Disclaimer: I do not and never will own Torchwood or the characters within.
Note: Set after the events of 'Cyberwoman' and written for my longliveIanto bingo card prompt 'Back story'.
Follows on from Siren
Author’s Note: Yes, i should be finishing the canary but it's been a tough couple of weeks and the siren call was too tempting...
Summary: Jack begins to deal with Ianto Jones in the aftermath.
“Jesus fucking Christ!” Owen exclaimed as he appeared on the pier and saw close to a dozen bodies lying scattered over the boards. He looked over at Jack who was cradling an unconscious Ianto at the end of the pier. “What the hell happened here?”
“Ianto happened,” Jack told him in a tired voice. “They're all unconscious and I don't know when they'll wake up. Can you retcon them? I don't want them remembering the last hour or so.”
Owen knelt beside one of the bodies checking for a pulse before getting up and walking across to Jack. “And what about him?” he asked.
“I’ll sort him once we get him in the Hub.”
“And you've been sitting here holding him instead of doing that because...?” Owen asked pointedly.
“Because I was watching the others and because I can't walk at the moment,” Jack admitted.
“You said Ianto did this. What did he do?” Owen demanded.
Jack looked down at the slack sleeping face of the Welshman. “He sang.” He looked up at Owen. “Ianto's not exactly human and if you tell anyone that I will retcon you back to infancy,” he said with unmistakable promise and Owen nodded as he recognised the complete sincerity in the Captain's words.
“I’m guessing you’re not going to answer any questions about him right now are you?” Owen queried surprisingly without any rancour.
“No. And it’s not just because I don’t have any answers,” Jack agreed. “I’d also appreciate it if you didn’t say anything to him. Not yet anyway.”
“I will need to check him over,” Owen pointed out.
“I know. Just don’t say anything, that’s all I’m wanting.”
“For now,” Owen grunted and Jack knew the sour doctor would obey for the next few days at least. “How long will he be out of it?” Owen asked turning his mind to practical matters.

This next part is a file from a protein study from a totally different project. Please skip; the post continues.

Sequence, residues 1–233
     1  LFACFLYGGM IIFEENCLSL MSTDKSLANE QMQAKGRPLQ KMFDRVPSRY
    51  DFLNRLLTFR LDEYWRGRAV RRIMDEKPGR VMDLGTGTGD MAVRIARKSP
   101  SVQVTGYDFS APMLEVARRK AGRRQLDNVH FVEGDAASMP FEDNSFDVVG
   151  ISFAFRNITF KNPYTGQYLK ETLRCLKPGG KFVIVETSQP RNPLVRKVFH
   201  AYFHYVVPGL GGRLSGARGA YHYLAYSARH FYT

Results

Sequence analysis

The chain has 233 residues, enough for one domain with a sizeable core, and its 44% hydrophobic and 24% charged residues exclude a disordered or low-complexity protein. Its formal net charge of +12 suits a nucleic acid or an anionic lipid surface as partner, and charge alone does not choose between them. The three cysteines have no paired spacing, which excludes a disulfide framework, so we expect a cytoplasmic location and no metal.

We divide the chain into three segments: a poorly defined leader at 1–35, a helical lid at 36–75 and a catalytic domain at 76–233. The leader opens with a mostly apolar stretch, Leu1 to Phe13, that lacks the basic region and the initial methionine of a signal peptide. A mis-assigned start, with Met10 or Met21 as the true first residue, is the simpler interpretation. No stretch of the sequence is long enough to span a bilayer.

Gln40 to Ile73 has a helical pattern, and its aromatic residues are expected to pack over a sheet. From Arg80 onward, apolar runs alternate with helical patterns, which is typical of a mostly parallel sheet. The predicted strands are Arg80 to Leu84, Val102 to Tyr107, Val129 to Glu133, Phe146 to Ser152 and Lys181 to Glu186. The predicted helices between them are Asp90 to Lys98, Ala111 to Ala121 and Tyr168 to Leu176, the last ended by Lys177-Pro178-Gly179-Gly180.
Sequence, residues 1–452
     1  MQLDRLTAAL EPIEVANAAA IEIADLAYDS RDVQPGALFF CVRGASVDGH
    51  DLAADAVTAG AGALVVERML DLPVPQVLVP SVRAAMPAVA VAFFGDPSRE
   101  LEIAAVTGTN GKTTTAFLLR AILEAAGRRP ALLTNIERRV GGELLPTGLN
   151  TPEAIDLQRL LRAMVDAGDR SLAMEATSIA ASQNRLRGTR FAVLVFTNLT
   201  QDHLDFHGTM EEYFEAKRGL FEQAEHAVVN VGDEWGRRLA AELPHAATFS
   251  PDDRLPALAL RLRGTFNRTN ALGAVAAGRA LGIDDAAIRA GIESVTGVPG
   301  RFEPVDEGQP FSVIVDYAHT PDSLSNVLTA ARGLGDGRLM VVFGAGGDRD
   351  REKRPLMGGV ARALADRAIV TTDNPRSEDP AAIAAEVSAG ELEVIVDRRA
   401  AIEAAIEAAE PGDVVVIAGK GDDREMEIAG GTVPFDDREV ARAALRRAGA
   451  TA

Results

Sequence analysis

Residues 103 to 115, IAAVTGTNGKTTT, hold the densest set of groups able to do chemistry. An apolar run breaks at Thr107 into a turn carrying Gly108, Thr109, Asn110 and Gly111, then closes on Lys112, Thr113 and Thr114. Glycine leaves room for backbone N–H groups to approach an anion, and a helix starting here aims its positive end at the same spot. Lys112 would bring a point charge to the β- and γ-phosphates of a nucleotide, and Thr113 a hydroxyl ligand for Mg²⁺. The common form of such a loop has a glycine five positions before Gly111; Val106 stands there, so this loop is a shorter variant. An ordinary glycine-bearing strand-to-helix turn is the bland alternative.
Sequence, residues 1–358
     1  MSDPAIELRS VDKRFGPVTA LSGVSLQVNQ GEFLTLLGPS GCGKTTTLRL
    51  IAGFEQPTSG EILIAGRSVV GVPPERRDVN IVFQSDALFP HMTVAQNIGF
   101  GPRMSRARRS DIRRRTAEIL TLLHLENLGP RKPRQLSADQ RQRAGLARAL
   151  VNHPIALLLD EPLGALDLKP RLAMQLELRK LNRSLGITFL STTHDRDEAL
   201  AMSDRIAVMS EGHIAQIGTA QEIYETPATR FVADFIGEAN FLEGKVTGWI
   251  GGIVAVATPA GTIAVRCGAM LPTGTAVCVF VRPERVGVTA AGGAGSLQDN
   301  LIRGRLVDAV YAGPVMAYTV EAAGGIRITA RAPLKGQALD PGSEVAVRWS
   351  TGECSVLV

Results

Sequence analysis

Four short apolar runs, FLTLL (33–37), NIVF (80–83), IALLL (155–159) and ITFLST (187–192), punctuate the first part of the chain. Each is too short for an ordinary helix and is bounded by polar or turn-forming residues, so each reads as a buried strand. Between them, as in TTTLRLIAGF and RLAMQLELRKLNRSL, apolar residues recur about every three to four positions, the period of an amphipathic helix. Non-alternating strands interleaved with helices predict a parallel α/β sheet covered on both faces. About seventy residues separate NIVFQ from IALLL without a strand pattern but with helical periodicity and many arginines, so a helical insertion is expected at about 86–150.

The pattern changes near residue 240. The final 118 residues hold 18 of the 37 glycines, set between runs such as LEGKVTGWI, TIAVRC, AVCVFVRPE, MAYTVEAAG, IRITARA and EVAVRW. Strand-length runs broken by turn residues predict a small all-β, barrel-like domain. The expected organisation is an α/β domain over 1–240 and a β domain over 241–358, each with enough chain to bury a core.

“I don't know. He’s been unconscious since just before I called you.” Jack looked at his watch. “Twenty minutes? Half an hour perhaps.”
Owen crouched down and studied Ianto, fingers brushing at his neck and then gently lifting an eyelid. “More unconscious than sleeping and his heart’s a bit slower than it should be. He could be out for another hour or so. Can you carry him? How long until you can walk?”
Jack flexed his leg muscles with a wince. “My legs are tingling very unpleasantly.”
“Sounds like your nerves are fine then. It’ll get worse but it shouldn’t last more than another ten minutes,” Owen said unsympathetically. “I'll make sure the others are in comfortable positions and then we’ll see how you are and get the stretcher for alien boy if needed.”
“I wouldn't get into the habit of calling him that. Decaf will be the least of your problems,” Jack warned and Owen rolled his eyes. “The others?” Jack prompted. “And don’t forget the retcon,” Jack added and Owen pulled a small bottle from out of his backpack. “And you might need to check the Bay too. There’s a couple of boats that came rather close.”
Owen frowned and shot a look at Ianto. “I really want to hear those answers.”
“You and me both,” Jack muttered as Owen began to work his way through the unconscious people slipping the small pills under their tongues and placing them in recovery positions.
Jack sighed and tried to move his tingling legs.
“You'd better be worth all this trouble, Ianto Jones,” he said to the unconscious man.
The child who would one day become Ianto Jones began singing before he learnt to talk. In the way of Sirens, along with the nonsense syllables all children babbled he also began to hum. He was more precocious than most being able to string the meaningless syllables into rhythms that caused his mother no end of trouble when her crockery would dance along with her son's babblings.